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Old 01-25-2004, 12:33 AM
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Primer before powder coating?

Hi guys,

My local powder coater says that they use a zinc primer on all parts before they powder coat. I have been blasting parts at home over the last couple of weekends. I'm going to powder coat all brackets, core support, rear end ect.. Even though I've been storing the bare blasted parts inside the house in a spare bedroom they are still starting to rust a little. Is there a primer (like the Zinc primer Eastwood sells) that I can use at home to seal my blasted parts? I want to take a truck load to the PC'ers at once to save some $$$.

Thanks as always!

George
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Old 01-25-2004, 06:55 AM
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I hope someone has the answer for this. I didn't realize that they primered parts before powdercoating them.
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Old 01-25-2004, 06:19 PM
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don't use zinc primer. The best treatment is zinc phosphate but that is done in a chemical washing/cleaning setup and you won't have it at home. Just clean the part thoroughly and apply the powder. The rougher you blast it the better.
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Old 01-25-2004, 11:32 PM
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Look around for a rust preventative spray, a friend of mine sell some that can be washed off then painted later. Also the powder shop should clean and pre bake your part so call them and ask if coating the parts with a light coat of oil or what ever they recomend.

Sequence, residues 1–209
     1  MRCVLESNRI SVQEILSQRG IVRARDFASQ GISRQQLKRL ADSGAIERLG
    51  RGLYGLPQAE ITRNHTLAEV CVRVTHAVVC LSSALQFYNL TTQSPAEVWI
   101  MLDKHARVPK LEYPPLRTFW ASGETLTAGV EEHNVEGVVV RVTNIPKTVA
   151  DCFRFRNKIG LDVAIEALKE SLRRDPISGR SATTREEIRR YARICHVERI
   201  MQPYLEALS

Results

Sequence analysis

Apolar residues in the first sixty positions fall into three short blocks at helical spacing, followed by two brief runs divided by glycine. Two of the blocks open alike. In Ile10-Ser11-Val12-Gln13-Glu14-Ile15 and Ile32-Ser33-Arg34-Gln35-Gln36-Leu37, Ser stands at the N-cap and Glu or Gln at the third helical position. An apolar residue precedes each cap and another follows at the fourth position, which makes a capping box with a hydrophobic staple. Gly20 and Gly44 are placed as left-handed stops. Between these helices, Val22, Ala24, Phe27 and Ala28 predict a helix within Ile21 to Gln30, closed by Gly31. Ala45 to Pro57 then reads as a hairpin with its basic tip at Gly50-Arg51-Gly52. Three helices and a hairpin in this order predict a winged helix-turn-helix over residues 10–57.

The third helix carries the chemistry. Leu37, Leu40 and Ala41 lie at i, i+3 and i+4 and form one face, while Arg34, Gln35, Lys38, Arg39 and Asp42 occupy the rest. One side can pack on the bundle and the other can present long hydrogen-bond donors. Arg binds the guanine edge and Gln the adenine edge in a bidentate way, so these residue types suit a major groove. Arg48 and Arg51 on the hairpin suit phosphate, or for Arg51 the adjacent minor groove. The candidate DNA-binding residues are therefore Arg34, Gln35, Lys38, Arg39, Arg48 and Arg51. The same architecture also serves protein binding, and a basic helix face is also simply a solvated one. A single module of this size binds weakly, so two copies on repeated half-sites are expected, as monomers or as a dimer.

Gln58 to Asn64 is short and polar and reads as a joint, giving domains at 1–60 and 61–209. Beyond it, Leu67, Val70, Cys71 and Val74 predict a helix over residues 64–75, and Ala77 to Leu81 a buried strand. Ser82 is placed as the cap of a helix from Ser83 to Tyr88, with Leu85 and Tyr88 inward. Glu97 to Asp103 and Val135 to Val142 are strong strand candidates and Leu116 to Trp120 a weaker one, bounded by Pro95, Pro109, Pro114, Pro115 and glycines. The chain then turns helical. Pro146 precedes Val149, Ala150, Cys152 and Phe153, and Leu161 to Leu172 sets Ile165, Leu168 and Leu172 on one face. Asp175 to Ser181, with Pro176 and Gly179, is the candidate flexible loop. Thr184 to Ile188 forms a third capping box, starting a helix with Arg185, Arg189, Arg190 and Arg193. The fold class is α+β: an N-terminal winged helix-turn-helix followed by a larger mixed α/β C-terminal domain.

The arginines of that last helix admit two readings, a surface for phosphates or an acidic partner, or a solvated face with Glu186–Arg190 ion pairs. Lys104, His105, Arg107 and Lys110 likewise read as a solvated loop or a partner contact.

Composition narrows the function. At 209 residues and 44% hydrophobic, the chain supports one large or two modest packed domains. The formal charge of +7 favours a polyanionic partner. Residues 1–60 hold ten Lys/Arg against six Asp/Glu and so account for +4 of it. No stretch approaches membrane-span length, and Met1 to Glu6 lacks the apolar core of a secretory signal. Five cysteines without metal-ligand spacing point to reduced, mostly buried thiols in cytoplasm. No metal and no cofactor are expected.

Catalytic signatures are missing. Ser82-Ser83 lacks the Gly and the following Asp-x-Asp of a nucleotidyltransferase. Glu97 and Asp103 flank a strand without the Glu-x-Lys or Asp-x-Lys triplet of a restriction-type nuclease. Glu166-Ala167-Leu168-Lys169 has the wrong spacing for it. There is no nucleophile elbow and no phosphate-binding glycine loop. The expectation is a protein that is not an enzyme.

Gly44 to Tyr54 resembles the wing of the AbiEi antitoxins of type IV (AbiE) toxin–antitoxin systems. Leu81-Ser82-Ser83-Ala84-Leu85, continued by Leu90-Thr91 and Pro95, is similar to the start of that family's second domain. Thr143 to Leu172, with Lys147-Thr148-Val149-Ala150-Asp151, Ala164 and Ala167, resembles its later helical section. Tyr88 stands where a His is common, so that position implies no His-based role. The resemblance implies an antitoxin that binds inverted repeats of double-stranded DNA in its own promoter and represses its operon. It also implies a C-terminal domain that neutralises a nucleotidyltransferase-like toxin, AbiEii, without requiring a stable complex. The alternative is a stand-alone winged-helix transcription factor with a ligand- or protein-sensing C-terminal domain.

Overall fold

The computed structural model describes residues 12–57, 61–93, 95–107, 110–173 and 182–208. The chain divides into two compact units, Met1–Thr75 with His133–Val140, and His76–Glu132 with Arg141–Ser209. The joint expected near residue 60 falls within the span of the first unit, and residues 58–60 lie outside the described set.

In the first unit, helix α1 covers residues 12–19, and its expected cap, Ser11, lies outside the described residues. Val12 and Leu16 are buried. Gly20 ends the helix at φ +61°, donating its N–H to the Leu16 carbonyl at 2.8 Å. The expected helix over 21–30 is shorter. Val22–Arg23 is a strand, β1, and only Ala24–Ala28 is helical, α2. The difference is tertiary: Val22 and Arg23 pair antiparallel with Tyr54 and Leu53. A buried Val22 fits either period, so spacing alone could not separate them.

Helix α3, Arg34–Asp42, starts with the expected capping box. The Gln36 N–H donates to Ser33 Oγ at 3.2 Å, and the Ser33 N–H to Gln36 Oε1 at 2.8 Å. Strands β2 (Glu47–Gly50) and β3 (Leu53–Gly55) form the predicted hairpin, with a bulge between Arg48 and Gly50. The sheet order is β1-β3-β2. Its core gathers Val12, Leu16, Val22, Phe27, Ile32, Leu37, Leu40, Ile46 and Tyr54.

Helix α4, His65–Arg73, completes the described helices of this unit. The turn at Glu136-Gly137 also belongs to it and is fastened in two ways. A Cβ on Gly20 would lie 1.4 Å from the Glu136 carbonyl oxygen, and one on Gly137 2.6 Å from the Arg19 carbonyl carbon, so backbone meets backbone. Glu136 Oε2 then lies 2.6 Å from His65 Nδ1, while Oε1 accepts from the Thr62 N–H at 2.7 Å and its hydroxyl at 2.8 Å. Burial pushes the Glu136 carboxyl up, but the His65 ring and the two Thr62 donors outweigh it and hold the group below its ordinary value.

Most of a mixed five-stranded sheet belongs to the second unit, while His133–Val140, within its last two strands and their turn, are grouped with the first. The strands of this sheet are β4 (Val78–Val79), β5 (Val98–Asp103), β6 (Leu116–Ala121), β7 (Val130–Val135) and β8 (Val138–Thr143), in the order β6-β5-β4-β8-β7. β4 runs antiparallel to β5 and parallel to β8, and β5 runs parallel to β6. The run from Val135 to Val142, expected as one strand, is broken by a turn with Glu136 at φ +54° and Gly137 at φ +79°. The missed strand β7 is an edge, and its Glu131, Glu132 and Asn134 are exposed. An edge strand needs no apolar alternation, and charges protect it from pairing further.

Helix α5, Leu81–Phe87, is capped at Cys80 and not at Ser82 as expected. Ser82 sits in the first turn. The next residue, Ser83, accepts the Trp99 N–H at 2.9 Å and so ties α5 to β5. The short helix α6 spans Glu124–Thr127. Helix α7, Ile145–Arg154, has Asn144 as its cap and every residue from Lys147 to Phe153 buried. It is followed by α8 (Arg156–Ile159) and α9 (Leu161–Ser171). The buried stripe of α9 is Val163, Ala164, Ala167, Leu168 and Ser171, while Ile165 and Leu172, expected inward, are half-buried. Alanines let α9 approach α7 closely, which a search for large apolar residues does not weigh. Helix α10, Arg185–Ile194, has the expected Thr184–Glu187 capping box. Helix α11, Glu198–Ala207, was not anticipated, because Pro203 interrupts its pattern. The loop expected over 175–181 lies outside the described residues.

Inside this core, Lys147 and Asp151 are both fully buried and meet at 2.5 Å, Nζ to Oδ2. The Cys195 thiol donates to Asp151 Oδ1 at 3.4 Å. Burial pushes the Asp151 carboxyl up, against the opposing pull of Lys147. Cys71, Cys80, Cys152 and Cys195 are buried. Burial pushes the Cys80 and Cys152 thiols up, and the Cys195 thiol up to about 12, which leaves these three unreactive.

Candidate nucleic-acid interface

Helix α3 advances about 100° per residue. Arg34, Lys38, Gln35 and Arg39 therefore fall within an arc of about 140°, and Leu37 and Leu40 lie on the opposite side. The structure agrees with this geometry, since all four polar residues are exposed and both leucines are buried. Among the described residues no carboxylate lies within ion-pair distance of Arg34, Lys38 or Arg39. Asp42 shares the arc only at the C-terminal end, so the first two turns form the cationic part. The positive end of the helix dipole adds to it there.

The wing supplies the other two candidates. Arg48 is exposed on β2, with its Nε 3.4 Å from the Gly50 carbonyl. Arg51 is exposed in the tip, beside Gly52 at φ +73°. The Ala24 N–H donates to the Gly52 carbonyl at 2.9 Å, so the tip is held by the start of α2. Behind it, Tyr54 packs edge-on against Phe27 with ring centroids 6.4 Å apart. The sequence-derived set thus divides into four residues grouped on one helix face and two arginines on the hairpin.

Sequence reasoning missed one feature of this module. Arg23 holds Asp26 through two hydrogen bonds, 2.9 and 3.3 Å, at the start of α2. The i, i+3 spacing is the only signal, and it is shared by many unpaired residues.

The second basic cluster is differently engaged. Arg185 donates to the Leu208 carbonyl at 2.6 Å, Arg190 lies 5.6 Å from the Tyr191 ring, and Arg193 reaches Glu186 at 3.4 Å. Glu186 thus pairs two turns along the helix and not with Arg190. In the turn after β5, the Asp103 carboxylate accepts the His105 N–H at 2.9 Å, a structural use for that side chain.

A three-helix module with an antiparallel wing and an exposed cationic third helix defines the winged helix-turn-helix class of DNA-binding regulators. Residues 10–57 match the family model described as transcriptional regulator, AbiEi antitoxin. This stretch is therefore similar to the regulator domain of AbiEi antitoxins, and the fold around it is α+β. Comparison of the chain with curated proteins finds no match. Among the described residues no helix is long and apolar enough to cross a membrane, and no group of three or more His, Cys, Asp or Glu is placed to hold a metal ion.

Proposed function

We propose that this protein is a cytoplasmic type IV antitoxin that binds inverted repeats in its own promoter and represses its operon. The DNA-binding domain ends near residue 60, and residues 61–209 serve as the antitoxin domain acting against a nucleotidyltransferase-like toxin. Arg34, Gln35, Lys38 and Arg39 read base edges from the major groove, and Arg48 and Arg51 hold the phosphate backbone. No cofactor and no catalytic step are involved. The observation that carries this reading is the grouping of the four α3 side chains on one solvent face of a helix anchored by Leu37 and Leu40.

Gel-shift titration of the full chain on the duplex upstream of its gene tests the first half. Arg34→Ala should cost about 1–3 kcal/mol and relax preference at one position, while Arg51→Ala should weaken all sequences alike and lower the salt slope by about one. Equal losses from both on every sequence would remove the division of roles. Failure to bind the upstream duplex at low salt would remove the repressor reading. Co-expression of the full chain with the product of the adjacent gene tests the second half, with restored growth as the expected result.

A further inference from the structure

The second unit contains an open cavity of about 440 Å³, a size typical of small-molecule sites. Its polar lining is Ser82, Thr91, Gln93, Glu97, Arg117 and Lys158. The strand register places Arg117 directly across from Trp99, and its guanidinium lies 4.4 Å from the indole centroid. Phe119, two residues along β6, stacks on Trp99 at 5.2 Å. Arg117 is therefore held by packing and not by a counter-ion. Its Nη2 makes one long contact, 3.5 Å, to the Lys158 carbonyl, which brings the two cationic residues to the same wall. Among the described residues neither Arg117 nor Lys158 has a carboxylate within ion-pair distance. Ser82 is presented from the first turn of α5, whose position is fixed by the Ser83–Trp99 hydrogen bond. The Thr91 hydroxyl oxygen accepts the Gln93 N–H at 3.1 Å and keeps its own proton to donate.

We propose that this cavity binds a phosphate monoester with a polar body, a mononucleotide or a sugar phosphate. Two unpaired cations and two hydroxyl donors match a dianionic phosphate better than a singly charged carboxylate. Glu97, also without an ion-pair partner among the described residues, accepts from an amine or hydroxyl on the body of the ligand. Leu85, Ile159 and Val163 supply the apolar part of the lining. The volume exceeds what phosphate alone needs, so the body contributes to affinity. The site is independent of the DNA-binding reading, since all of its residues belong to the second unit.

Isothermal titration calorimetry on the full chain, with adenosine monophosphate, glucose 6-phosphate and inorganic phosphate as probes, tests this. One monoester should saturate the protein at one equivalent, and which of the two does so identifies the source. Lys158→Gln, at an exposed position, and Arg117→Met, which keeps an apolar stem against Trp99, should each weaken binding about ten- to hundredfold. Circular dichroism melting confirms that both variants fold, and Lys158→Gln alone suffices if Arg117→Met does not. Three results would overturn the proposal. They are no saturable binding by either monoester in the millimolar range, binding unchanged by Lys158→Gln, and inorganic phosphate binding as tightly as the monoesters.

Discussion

Go to http://www.oilcenter.com/
They have a product called MD50 that I put on my 5th wheel hitch because it was always rusting. I put it on and it stayes outside and it has not rusted in a year now. It can be washed off and the part painted.
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Old 01-26-2004, 04:56 AM
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As mentioned, a pre-bake is used by most powder coating operations to remove, or bake off all traces of oil. I have not heard of any using a primer.

Vince
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Old 01-26-2004, 07:40 AM
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Since the whole idea of powder coating is to have a pristine chemically and mechanically clean sand blasted white metal surface on which to melt the plastic powder, I can't imagine what kind of primer would enhance the process. I have my pickup frame, running gear, fender wells, and a bunch of other parts down at my 'coaters right now. I'll ask him if he knows anything about that. He has pretty good credentials, does a ton of oil field and refinery work such as the 6,000psi refinery heat exchanger enclosures he was doing when I dropped off my frame.
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Old 01-26-2004, 05:09 PM
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i thought it only went on bare metal as well. in either case, i would NOT put any primer on "for them". if it's the wrong kind or they dont know what it is they will sandblast it off and charge you for the sandblasting.
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Old 01-26-2004, 07:18 PM
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I wouldn't be near as concerned about them charging to sand blast the part, as I would them blaming me for their work failing later.
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Old 01-27-2004, 11:53 AM
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Dont

I have had several frames PCd and they want you to leave them unfinished. They tank for a good clean and it will remove rust. Better to pay attention to SMOOTHING areas. Powder Coat will level, but not fill in. Use a good Scotch Brite wheel and get it flat. I took about three months out side cleaning the frame and scotched it smooth. They tanked it and did a great job.